How to complete Form CT-3 when the separate accounting election is made

If you file Form CT-3 and you have made the separate accounting election for a limited partnership that is doing business, employing capital, owning or leasing property, maintaining an office, or deriving receipts from activity, in NYS, you do not report any of your own items of receipts, income, gain, loss, deduction, assets, liabilities, or activities on Form CT-3 when computing your tax bases. Instead, you compute your tax bases by reporting only your distributive share or proportionate part of receipts, income, gain, loss, deduction, assets, liabilities, and activities of such limited partnership.  

In the situation described above, only your distributive share of items used in the computation of business income and proportionate part of items used in the computation of business capital, flowing through to you from such limited partnership, is reported on your Form CT-3, Part 3, Part 4, and Part 5.  Business income and business capital amounts so computed are then apportioned to NYS using a business apportionment factor that is computed by completing Form CT-3, Part 6, using only your distributive share of such limited partnership’s receipts, net income, net gains, and other items, that must be included in the numerator and denominator of the business apportionment fraction in accordance with Tax Law §210-A and the applicable regulations.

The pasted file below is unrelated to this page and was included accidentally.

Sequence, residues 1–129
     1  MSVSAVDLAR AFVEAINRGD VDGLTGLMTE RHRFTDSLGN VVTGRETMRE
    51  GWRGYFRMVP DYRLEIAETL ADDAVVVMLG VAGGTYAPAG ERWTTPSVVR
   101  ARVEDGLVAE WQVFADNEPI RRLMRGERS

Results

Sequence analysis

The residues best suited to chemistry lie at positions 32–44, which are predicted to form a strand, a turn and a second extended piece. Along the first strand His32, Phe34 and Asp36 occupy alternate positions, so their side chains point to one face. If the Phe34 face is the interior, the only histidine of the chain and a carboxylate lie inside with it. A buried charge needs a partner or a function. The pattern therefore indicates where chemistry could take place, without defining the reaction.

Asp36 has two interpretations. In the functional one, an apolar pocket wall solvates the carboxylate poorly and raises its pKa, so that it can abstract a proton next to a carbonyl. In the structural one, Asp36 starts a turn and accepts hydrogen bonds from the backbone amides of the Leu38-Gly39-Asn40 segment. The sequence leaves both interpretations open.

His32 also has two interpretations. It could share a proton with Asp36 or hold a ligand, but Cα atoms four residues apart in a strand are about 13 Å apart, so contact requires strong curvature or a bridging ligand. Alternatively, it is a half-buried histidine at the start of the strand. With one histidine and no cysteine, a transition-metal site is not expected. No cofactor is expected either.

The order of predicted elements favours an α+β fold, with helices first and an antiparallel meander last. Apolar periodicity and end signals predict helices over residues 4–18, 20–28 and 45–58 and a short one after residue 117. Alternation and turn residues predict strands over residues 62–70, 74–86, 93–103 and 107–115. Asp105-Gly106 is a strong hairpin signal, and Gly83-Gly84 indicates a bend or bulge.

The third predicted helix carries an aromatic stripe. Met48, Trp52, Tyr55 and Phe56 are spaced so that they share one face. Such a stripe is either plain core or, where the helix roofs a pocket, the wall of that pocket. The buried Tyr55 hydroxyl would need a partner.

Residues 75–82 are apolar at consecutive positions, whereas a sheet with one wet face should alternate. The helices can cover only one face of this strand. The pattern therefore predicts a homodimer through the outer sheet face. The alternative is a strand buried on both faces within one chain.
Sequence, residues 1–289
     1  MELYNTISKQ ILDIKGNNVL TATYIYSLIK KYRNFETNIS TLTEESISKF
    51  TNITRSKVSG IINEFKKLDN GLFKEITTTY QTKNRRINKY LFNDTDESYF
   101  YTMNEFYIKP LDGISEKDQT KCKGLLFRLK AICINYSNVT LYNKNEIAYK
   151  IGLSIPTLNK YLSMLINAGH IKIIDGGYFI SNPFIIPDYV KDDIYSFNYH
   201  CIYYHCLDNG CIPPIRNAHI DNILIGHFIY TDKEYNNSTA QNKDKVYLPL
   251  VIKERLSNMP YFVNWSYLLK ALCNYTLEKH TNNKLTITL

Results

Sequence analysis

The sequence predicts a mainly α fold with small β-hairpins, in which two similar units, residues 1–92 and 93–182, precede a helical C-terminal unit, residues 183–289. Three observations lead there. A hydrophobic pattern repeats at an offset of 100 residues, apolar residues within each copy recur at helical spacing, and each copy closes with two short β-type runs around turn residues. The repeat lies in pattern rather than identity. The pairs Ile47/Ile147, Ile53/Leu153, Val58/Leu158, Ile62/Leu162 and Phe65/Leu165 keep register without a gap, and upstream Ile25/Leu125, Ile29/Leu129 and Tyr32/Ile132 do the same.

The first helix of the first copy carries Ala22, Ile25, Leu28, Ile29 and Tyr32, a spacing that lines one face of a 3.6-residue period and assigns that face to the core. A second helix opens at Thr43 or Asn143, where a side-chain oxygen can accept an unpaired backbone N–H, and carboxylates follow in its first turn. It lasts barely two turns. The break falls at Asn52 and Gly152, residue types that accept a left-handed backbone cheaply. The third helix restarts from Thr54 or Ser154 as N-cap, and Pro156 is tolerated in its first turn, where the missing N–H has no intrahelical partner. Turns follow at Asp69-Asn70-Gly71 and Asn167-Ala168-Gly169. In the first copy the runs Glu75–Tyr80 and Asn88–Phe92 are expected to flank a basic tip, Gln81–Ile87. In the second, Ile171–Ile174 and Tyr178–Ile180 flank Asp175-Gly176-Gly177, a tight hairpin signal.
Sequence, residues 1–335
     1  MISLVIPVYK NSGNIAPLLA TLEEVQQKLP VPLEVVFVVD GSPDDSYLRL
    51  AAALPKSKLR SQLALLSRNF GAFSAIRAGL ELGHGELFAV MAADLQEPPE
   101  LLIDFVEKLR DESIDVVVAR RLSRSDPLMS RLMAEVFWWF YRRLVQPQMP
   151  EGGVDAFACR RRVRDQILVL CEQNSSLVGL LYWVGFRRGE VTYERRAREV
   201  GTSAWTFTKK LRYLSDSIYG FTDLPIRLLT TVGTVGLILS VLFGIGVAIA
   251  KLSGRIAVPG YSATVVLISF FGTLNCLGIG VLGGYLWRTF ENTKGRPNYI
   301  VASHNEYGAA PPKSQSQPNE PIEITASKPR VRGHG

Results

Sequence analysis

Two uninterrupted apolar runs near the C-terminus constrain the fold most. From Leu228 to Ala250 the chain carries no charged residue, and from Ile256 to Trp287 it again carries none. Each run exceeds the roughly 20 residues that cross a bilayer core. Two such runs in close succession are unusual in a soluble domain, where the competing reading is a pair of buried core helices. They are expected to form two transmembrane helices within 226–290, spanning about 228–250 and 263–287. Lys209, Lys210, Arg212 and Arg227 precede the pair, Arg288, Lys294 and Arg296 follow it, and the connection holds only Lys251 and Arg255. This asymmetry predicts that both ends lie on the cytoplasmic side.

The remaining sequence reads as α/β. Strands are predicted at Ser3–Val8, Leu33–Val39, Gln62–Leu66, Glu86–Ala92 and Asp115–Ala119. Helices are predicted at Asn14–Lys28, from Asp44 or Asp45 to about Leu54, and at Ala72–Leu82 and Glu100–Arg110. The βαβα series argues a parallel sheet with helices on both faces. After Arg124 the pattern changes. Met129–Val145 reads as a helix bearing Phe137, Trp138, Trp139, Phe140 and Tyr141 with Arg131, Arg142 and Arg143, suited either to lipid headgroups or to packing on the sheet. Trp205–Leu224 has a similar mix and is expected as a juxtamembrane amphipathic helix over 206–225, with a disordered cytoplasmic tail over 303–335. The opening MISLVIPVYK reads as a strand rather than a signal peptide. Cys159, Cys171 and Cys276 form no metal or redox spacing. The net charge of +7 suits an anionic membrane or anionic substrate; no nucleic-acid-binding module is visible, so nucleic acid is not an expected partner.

Note that receipts, net income, net gains, and other items must be sourced, and the amounts allowed in the business apportionment factor must be determined, in accordance with Article 9-A sourcing rules set forth in Tax Law §210-A.   Include in the numerator and denominator of the business apportionment fraction only your share of the receipts, net income, net gains (not less than zero), and other applicable items described in Tax Law §210-A that are earned by the partnership in the regular course of business and included in business income, determined without regard to the amount subtracted on Form CT-3, Part 3, line 6 (subtraction modification for qualified banks), and without regard to any amount from investment capital that is determined to exceed the 8% of ENI limitation on gross investment income (see Form CT-3.1).

How to complete Form CT-3-S when the separate accounting election is made

If you file Form CT-3-S and you have made the separate accounting election for a limited partnership that is doing business, employing capital, owning or leasing property, maintaining an office, or deriving receipts from activity, in NYS, you do not report any of your own items of receipts, net income, net gains, and other items on Form CT-3-S when computing your fixed dollar minimum tax base and business apportionment factor. Instead, you compute such tax base and business apportionment factor by using only your distributive share or proportionate part of receipts, net income, net gains, activities and other items of such limited partnership.

In the situation described above, only your distributive share of receipts, net income, net gains, and other items (including all nonseparately computed income and loss, and all separately stated items of income and loss), flowing through to you from such limited partnership, is reported on your Form CT-3-S, Part 3, and used to compute your business apportionment factor and to compute your NYS receipts amount used to determine your fixed dollar minimum tax in Part 2 of Form CT-3-S.